New Delhi: The expert committee appointed to look into the Pegasus row -- where Israeli spyware was allegedly used to snoop on politicians, journalists, judges and government officials -- has sought more time to complete its investigation. Sources said the panel, headed by Justice (Retd) Raveendran, has already submitted its interim report in the Supreme Court, which is likely consider it on February 23.

The top court had appointed the committee in October last year amid a huge political furore, saying the state will "not get a free pass" every time national security is raised and the court will not remain a "mute spectator".

So far, at least 13 people -- including journalists N Ram, Siddharth Varadarajan and Paranjoy Guha Thakurta -- have deposed before the committee. Sources said the panel has also received around a dozen cell phones for forensic examination, including those belonging to the accused in the Bhima Koregaon case.

The Pegasus row erupted last year as a global news consortium reported that the spyware was used by several nations to target activists, journalists and many others in the civil society.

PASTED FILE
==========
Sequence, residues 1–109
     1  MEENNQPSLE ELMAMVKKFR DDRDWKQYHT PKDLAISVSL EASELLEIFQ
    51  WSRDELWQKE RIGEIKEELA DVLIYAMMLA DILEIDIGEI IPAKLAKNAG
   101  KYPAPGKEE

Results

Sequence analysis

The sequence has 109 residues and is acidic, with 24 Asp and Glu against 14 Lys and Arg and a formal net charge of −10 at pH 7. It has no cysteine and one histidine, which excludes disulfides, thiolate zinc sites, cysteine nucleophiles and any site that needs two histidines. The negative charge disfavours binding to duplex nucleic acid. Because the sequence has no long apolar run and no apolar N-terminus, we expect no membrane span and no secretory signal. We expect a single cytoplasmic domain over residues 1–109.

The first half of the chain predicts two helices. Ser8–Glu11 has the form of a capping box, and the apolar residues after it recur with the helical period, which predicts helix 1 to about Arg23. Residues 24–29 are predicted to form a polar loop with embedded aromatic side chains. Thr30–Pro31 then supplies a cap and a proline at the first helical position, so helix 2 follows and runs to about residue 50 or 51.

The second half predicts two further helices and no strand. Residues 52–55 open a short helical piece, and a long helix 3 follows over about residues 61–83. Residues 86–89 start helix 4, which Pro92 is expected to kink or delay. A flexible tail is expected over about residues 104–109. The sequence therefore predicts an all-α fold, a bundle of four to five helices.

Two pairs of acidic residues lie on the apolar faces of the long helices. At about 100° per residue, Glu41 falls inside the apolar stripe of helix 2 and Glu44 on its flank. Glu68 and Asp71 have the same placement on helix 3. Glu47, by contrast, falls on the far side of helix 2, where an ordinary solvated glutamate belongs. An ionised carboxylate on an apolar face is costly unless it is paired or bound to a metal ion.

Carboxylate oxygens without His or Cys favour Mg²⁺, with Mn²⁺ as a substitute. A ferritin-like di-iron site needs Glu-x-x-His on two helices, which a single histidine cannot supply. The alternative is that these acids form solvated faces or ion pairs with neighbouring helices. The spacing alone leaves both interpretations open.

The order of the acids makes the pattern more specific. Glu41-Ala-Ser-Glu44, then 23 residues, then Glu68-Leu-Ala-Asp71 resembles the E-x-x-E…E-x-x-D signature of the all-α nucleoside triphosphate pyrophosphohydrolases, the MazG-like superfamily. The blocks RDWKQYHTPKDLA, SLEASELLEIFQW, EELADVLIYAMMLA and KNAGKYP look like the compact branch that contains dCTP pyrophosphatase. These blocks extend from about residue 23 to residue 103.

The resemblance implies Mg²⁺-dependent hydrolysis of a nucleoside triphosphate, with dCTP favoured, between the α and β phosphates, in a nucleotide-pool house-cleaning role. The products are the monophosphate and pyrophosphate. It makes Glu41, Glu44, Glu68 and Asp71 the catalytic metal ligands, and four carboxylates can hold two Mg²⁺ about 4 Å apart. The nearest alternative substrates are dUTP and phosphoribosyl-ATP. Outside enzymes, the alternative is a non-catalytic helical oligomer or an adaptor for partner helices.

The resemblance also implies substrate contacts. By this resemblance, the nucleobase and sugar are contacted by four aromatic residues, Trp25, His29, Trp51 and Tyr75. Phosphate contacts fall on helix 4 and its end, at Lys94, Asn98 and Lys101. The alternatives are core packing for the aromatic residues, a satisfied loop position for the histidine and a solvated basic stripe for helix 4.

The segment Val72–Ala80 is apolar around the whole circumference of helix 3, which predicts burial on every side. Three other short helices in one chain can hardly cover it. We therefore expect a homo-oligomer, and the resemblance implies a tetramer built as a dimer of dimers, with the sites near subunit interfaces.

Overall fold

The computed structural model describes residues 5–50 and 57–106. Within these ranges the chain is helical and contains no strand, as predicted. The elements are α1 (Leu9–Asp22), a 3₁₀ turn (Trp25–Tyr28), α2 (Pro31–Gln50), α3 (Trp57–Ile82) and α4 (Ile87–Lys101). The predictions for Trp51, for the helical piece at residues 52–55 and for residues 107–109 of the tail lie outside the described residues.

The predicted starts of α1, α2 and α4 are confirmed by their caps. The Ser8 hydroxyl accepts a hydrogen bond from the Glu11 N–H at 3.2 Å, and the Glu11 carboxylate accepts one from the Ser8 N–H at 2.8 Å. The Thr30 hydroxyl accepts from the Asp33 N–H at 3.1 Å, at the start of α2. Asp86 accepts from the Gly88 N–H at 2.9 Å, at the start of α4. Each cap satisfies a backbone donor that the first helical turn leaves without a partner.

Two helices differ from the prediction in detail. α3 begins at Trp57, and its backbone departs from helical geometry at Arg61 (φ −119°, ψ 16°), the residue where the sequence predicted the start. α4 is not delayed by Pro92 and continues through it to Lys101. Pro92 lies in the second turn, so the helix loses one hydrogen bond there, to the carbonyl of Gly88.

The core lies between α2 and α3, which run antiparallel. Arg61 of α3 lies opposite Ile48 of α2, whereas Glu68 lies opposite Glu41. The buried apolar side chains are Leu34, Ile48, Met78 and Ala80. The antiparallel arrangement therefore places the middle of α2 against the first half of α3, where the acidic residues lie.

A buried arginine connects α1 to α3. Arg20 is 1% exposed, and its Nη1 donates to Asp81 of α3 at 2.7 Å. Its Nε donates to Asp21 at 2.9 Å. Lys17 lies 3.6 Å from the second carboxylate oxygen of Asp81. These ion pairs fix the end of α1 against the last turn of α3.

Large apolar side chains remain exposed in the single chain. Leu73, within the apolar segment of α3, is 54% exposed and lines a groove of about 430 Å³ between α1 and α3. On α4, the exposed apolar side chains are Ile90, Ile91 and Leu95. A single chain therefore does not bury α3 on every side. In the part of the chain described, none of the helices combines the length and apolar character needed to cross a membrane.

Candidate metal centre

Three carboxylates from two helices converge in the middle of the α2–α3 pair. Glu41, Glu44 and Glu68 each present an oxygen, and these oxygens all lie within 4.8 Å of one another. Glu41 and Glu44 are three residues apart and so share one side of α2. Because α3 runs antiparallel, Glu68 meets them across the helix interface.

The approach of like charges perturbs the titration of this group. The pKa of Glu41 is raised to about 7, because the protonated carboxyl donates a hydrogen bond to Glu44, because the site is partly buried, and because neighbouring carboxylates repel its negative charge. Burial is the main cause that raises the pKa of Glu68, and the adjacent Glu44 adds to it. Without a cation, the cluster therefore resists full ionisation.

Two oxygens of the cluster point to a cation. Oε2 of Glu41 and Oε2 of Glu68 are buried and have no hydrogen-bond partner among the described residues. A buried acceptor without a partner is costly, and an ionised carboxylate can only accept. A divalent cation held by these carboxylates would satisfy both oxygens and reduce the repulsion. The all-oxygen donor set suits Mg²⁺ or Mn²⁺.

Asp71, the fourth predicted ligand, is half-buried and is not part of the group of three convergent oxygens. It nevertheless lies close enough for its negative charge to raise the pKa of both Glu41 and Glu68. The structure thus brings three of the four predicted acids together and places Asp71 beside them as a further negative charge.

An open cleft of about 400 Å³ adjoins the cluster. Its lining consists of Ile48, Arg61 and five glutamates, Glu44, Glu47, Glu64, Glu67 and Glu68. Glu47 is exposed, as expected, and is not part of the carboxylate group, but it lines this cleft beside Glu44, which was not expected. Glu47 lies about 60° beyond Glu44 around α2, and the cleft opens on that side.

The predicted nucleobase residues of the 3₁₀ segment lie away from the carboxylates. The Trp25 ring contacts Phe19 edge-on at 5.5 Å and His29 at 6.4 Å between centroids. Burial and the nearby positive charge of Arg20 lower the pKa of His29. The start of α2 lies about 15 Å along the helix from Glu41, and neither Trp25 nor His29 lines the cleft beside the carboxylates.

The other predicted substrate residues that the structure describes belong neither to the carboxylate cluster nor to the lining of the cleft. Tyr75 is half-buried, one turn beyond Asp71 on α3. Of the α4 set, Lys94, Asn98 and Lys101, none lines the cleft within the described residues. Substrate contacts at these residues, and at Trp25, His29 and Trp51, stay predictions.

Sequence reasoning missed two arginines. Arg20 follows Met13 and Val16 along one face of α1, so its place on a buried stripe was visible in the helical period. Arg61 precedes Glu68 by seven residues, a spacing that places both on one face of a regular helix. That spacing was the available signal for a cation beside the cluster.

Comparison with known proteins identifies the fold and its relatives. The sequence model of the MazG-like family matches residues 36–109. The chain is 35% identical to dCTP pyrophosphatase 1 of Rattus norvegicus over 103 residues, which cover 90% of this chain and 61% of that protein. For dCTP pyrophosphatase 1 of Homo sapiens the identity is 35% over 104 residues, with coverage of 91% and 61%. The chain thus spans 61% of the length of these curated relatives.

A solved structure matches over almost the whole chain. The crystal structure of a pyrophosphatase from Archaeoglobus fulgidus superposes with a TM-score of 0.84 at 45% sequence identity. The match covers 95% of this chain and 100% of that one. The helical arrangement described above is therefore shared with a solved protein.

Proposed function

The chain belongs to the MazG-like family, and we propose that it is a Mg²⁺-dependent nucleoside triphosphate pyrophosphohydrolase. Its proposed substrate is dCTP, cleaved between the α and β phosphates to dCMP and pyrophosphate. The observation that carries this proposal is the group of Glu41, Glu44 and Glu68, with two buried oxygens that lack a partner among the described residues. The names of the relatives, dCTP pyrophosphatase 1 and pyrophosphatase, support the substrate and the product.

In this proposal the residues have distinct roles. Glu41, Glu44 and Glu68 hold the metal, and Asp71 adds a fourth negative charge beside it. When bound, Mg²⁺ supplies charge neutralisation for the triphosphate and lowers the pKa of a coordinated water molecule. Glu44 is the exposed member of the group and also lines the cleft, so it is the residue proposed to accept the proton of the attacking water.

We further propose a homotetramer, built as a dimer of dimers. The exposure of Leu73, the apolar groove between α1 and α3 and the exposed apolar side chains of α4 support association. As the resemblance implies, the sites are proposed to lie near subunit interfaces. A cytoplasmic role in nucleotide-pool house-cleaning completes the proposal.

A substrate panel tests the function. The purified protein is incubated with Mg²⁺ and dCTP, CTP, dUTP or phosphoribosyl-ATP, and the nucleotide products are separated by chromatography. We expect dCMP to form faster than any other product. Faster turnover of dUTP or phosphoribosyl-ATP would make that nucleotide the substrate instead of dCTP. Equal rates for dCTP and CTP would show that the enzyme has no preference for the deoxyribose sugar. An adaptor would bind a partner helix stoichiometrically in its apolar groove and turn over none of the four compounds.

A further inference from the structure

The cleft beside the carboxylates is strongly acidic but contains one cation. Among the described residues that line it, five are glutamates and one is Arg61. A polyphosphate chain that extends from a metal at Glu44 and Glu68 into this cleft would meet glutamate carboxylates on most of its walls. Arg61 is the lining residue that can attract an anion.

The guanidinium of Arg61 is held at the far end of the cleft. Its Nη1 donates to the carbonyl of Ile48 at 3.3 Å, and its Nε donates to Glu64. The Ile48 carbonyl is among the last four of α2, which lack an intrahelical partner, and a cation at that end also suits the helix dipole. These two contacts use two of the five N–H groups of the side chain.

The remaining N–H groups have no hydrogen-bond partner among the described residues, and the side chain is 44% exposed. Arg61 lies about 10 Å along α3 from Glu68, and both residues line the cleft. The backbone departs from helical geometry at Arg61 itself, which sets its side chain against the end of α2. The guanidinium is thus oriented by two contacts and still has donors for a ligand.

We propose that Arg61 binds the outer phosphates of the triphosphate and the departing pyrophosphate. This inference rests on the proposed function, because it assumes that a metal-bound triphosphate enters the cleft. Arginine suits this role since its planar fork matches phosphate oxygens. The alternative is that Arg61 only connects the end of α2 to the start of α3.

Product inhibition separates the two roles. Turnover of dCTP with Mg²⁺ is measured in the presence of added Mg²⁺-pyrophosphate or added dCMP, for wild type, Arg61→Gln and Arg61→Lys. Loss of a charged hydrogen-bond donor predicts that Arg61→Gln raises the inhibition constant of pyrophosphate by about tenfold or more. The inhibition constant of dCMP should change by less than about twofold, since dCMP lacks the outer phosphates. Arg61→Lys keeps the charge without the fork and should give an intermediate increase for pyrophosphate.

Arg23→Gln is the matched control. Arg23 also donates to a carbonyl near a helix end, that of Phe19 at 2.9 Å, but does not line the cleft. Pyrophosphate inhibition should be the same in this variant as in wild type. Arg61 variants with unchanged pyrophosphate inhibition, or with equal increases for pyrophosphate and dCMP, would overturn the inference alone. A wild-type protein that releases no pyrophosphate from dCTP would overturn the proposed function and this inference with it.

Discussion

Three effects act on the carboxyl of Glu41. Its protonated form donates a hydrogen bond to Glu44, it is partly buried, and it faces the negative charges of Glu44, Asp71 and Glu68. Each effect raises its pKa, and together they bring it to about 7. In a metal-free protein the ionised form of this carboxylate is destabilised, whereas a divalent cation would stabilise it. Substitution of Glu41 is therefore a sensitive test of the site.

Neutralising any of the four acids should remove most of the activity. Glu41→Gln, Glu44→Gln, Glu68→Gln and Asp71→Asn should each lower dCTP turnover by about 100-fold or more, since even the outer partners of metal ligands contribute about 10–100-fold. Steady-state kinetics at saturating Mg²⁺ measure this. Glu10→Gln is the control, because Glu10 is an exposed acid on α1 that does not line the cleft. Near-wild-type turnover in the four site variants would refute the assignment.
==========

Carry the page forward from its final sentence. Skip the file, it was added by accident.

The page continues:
In India, news portal "The Wire" claimed that more than 142 people were targeted.

The alleged list included Congress's Rahul Gandhi, poll strategist Prashant Kishor, two serving Union Ministers, an ex-Election Commissioner, two registrars of the Supreme Court, an old number of a former judge, a close aide of a former Attorney General and 40 journalists.

As the spyware manufacturer NSO said it supplies its product only governments and their agencies, the Centre, under intense opposition pressure, said there was no illegal interception.

In October, responding to a clutch of petitions, the Supreme Court ordered the formation of a three-member expert committee.

Overruling practically every argument of the Centre, the court said privacy is not the singular concern of journalists or social activists but of every citizen. Surveillance, said the three-judge bench led by Chief Justice of India NV Ramana, "can have chilling effect on the freedom of speech".

Last month, the row started afresh as US daily New York Times reported that Pegasus spyware and a missile system were the "centrepieces" of a roughly $2 billion deal between India and Israel made in 2017, which involved involving weapons and intelligence systems.